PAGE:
Assembly reform consultation key findings
In February 2018 the Assembly voted in favour of the Commission’s decision to consult on the recommendations of the Expert Panel on Assembly Electoral Reform, “A Parliament that Works for Wales”, and other potential reforms.
The public consultation began a conversation with the people and communities of Wales, about how they should be represented and served by their parliament in future.
To raise awareness of the consultation, engage with the public and stakeholders, and make it as easy as possible for people to respond, we published a range of consultation materials, including an Easy Read consultation document and an accessible microsite.
We promoted the consultation online, via traditional and social media. We also held a series of public meetings across Wales, providing opportunities for constructive debate and challenge. We also engaged directly with over 400 children and young people.
In total, we received
over 3,200 consultation submissions. We will publish a detailed report on the results of the consultation in the autumn.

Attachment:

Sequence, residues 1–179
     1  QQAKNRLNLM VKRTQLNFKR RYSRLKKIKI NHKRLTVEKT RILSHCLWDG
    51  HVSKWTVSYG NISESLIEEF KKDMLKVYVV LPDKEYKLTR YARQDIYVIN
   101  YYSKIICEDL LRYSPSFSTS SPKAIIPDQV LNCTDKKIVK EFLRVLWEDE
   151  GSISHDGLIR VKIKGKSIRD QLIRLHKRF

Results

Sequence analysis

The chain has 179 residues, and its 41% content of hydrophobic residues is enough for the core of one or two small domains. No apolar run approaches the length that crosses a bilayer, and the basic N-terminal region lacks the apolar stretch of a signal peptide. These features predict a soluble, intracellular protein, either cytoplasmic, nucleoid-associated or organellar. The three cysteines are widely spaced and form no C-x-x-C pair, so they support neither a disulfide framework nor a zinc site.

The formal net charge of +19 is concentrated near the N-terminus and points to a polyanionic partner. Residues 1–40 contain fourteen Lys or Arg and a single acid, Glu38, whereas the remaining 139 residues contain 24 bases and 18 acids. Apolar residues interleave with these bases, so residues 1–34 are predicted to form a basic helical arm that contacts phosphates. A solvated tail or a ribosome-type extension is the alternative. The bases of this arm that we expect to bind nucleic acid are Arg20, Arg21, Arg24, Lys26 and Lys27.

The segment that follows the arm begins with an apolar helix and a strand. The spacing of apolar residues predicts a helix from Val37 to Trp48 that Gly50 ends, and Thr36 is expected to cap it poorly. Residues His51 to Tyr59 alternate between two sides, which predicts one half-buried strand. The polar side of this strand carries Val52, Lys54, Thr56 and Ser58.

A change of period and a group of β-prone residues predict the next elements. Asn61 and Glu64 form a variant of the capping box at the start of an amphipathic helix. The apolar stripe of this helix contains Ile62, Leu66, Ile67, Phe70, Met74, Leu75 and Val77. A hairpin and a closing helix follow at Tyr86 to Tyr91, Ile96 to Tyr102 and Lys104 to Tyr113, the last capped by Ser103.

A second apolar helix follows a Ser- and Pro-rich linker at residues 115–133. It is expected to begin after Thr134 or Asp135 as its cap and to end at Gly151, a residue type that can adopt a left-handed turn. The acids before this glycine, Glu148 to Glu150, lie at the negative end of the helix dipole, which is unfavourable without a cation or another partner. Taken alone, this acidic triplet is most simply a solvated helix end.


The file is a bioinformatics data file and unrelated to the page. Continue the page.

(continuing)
In the meantime, we have published a summary of key findings including:
There were over 1,800 responses to questions about the size of the National Assembly, of which a majority thought that the institution needs more Members to carry out its role effectively.
The Single Transferable Vote system was the clear preference of those who responded to questions about how Assembly Members should be elected. It was supported by 54% of those who responded to questions about the systems recommended by the Expert Panel, compared with 17% for Flexible List Proportional Representation and 16% for the Mixed Member Proportional system currently used. 13% of responses did not support any of the three systems put forward by the Expert Panel.
59%of responses in relation to the minimum voting age for National Assembly elections stated that it should be 16, compared with 39% who said it should be 18 years of age.
The majority of those who responded to a question about whether the same people should be allowed to vote in National Assembly elections and in Local Government elections in Wales either agreed or strongly agreed.
Among those who responded to a question on diversity, there was clear support for the proposal that changes to the electoral system should be used to encourage the election of an Assembly that more accurately reflects the diverse nature of society in Wales. 52% of responses to the separate question on job sharing for Members did not agree that people should be able to stand for election on this basis.
The National Assembly for Wales Commission has announced plans to take forward key elements of its programme to reform Wales’ parliament.
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